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Number of NHS nurses in England rises – but union says patient demand is not being met

Latest figures show 8,570 more nurses, though number of health visitors has fallen
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Latest figures show 8,570 more nurses, though number of health visitors has fallen

The government has hailed statistics that show an increase in the number of nurses working in the NHS in England, but a union spokesperson says it is a fraction of what is needed.

The latest NHS workforce statistics published by NHS Digital show an increase of 8,570 nurses in England between November 2018 and November 2019 281,904 nurses compared with 290,474 respectively.

However, a separate set of NHS Digital statistics from the last quarter of 2019 show there are still 38,785 nurse vacancies in England.

Fall in number of health visitors and learning disability nurses

The workforce figures highlighted by the government do not include health visiting. The number of health visitors dropped by 805 between November 2018

Latest figures show 8,570 more nurses, though number of health visitors has fallen


Picture: iStock

The government has hailed statistics that show an increase in the number of nurses working in the NHS in England, but a union spokesperson says it is a ‘fraction’ of what is needed.

The latest NHS workforce statistics published by NHS Digital show an increase of 8,570 nurses in England between November 2018 and November 2019 – 281,904 nurses compared with 290,474 respectively.

However, a separate set of NHS Digital statistics from the last quarter of 2019 show there are still 38,785 nurse vacancies in England.

Fall in number of health visitors and learning disability nurses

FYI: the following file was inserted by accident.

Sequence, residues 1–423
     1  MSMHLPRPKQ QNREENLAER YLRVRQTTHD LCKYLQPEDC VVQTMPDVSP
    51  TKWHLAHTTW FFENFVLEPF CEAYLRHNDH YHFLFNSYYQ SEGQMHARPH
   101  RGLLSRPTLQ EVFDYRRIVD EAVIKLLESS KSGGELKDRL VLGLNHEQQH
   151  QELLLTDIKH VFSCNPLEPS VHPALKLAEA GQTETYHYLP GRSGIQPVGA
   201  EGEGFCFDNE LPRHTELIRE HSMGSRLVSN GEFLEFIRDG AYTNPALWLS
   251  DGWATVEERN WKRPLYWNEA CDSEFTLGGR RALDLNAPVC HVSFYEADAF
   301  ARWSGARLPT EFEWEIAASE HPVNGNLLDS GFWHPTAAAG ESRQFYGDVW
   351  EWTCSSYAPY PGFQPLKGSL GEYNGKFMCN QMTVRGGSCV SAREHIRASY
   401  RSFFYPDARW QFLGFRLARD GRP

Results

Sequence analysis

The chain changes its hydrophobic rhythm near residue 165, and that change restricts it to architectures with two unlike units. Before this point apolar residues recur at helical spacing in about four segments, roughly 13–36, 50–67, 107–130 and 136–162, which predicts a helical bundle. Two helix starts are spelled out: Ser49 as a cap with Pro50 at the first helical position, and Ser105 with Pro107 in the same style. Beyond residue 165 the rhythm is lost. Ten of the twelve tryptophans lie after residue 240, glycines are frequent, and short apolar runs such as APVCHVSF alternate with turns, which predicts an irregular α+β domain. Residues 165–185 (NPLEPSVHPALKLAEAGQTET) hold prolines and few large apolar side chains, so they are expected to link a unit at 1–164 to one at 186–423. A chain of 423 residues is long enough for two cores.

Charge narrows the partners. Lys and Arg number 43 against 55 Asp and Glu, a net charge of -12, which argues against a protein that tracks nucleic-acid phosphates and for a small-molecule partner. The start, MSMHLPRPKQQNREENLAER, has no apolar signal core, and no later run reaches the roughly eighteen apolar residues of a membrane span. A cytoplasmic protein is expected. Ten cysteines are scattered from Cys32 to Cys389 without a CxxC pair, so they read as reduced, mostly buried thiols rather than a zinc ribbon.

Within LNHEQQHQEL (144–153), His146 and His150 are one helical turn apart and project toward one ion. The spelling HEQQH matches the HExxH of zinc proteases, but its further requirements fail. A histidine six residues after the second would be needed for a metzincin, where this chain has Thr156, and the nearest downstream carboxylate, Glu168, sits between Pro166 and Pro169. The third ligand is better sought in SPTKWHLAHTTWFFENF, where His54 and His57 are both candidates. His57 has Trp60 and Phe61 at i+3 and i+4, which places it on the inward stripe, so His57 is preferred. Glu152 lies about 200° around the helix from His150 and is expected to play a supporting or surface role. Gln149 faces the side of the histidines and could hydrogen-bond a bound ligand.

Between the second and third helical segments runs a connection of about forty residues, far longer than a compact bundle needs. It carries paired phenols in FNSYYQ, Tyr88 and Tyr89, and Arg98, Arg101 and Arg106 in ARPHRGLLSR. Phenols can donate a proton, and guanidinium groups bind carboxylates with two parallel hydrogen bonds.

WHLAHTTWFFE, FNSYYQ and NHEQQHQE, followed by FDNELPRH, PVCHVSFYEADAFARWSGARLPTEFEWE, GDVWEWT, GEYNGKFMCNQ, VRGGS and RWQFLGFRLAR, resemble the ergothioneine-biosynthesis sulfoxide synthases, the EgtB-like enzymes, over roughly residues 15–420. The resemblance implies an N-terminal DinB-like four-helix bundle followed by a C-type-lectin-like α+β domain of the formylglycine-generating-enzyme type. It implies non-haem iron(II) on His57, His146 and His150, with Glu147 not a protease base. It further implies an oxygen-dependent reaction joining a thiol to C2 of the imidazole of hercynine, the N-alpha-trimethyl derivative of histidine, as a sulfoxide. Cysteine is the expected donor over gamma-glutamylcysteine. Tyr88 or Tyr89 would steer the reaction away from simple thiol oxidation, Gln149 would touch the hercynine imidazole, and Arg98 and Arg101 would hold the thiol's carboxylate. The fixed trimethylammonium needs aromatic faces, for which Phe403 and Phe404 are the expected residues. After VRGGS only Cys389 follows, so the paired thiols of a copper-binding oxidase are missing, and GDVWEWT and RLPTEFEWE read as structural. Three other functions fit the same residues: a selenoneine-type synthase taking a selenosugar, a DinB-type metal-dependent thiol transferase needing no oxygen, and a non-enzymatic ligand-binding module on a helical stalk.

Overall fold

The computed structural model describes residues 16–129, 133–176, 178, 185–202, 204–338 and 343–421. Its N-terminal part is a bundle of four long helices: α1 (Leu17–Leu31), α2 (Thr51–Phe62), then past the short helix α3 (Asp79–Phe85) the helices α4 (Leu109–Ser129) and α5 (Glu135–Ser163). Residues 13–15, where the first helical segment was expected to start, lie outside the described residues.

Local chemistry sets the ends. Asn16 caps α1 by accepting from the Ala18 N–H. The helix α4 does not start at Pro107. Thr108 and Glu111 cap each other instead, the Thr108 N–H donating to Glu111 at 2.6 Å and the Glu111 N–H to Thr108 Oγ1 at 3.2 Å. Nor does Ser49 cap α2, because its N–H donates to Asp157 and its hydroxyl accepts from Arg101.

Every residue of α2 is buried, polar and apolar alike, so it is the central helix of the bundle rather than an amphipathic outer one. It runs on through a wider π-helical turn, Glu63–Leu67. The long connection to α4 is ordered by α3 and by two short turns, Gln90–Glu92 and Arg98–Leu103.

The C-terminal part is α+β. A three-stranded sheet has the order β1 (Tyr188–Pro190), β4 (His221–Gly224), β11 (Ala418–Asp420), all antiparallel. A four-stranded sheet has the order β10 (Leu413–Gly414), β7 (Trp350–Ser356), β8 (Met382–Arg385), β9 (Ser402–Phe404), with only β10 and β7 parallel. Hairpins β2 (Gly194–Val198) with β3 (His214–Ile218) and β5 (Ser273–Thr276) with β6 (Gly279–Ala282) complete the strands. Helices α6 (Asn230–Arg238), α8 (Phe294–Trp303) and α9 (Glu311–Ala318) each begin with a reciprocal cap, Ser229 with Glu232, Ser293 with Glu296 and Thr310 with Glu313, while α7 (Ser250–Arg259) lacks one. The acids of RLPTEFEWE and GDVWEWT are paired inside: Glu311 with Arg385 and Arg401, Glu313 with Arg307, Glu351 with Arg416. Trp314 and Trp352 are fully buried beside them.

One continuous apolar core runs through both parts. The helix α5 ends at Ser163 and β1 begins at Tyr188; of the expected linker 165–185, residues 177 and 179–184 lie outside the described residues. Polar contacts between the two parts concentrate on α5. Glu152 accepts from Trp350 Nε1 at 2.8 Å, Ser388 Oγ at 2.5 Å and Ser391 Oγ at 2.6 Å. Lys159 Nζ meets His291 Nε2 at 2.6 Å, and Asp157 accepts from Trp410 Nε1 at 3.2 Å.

The workforce figures highlighted by the government do not include health visiting. The number of health visitors dropped by 805 between November 2018 and November 2019. 

Learning disability nursing also lost 18 nurses in the same period.

‘Major, sustained funding increases’ are needed, says union

Unison head of health Sara Gorton said that while the overall nurse increase was welcome, it was just a fraction of what was needed to keep pace with rising demand.

‘Ministers have failed to invest enough in the NHS and nursing over the past decade, while patient demand has grown,’ she said.

‘It will take major, sustained funding increases to meet the challenge. Abolishing tuition fees for nurses would be a huge help.’

NHS England released statistics this week that show an increase in the number of hospital beds between October and December 2019, made possible by additional numbers of nurses, according to NHS chief executive Sir Simon Stevens.

The general and acute hospital bed increase meant hospitals opened an extra 1,192 beds compared with the number available the quarter before (July to September 2019).

Government still aims to deliver 50,000 more nurses

Responding to the workforce statistics, health and social care secretary Matt Hancock said he was ‘determined’ to deliver on the government’s commitment to have 50,000 more nurses in the NHS in five years.

However, Mr Hancock did not comment on whether the latest increase in nurse numbers was enough to keep pace with demand. 


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